Christ Has Performed Perfectly In My Place - Aubrey Bledsoe

I’ve finally been called up to play with the national team! I had high expectations as I arrived in Columbus, Ohio, to train with the team for a time surrounding two friendlies against Sweden and Costa Rica. I knew I was only there to train, and I didn’t end up making the active roster for either of those games. But this is my first call-up! I’ve been waiting for this opportunity for a few years now; it’s my chance to prove I belong on this team. 

The pressure of being in a performance-based industry can be challenging. The first couple days of the national team training didn’t go as well as I’d have liked them to, and I didn’t deal with it as well as I would have liked. In this type of career, you can end up being really self-focused. And I’m not the only player there wondering, “What does the coach think of me?” Or “Am I going to start, or even play?” Every girl there is thinking the same thing. It’s a tough environment because you don’t necessarily have each other’s support; no one knows where each person stands on the team.

Since the national team camp is really intensive, all our time is spent training or at the hotel in preparation for the next training or game. I don’t have my friends, my church family, or my other activities to take my mind off the game during camp. It can be overwhelming, but once I choose to look outside of myself, I am suddenly able to release the pressure, let go of the outcome, and try to enjoy the experience. As I made this mindset shift after a few days of training, I was not only able to enjoy the experience, but I was able to play more freely and give a more accurate representation of my talent on the field.

The position of goalkeeper is one with a clear hierarchy. Being a new goalkeeper at the national team camp means I have to start from the bottom and show I’m better than the other three established players there. It’s easy to get fixated on the comparison game, but I know that I will play much better if I’m not worried about how others are doing. If I simply compete at my best level, even if others are better than me, I am happy.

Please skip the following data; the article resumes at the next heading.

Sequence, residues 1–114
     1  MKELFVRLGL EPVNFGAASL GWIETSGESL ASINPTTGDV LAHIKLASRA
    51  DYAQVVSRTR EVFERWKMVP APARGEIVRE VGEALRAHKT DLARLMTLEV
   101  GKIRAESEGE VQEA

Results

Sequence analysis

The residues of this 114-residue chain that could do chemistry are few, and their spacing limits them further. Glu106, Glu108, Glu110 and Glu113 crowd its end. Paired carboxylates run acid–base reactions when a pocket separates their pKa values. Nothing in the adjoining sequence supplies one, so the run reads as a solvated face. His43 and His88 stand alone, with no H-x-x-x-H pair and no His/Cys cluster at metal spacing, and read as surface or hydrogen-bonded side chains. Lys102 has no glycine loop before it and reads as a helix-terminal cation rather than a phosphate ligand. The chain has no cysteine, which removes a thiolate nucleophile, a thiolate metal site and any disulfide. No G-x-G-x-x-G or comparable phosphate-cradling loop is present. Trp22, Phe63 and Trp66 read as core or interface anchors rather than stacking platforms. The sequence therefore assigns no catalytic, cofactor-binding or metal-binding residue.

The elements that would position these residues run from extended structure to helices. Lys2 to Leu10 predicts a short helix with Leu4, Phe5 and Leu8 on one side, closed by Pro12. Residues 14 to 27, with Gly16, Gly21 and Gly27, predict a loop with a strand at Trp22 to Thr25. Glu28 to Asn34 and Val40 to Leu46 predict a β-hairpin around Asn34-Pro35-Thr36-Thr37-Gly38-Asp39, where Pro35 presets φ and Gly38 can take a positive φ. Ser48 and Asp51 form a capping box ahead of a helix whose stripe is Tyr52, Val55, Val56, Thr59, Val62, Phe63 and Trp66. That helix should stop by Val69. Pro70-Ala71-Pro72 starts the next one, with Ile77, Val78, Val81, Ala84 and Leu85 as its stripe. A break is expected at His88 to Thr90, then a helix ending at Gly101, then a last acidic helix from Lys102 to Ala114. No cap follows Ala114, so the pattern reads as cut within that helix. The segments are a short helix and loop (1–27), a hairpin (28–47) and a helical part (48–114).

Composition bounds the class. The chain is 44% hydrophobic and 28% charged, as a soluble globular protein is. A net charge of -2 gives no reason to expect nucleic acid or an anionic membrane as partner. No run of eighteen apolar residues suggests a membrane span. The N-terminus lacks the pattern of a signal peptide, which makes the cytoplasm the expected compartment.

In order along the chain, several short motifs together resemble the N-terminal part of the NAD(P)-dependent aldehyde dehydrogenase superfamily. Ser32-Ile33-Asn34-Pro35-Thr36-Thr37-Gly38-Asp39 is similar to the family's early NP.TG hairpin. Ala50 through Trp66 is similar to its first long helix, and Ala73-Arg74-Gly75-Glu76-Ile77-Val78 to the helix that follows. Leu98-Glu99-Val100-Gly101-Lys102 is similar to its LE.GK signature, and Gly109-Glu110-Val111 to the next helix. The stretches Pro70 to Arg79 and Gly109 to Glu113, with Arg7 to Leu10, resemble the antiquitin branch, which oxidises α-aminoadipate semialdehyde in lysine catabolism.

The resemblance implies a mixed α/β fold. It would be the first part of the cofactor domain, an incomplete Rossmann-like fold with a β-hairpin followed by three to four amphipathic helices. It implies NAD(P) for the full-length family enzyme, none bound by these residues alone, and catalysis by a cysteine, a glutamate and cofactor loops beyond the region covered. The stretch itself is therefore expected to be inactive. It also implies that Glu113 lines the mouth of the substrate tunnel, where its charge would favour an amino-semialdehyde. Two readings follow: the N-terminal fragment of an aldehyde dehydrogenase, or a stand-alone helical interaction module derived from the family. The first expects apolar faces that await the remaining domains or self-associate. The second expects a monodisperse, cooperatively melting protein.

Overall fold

Being a team player is best for me and for my team. And if I’m a team player, I will want the best player to play, even if that’s not me. I can’t control how others act, I can only control how I choose to act. Though I have known this for years — I’ve been playing soccer for longer than I can remember — I have to continually remind myself of this, especially when I’m in a new environment. 

I’m choosing to see myself how God sees me, and not how my coach or my teammates might see me. It’s easy to try to seek worth and validation from others, trying to gain praise or positive feedback on the field. Some days that may come and some days it won’t. But if I cling to the truth that I am fearfully and wonderfully made (Psalm 139:14), I will know I don’t have to win anything because my salvation has already been bought on the cross.

It’s easy to bounce back into the performance-based mentality, but I know that ultimately, my performance doesn’t matter because Christ has performed perfectly in my place.

— Aubrey Bledsoe, NWSL’s Washington Spirit goalkeeper

Aubrey Bledsoe is a regular contributor to The Increase, providing monthly articles and opinions. Check out Aubrey’s profile on The Increase: https://theincrease.com/author/aubrey-bledsoe/ 

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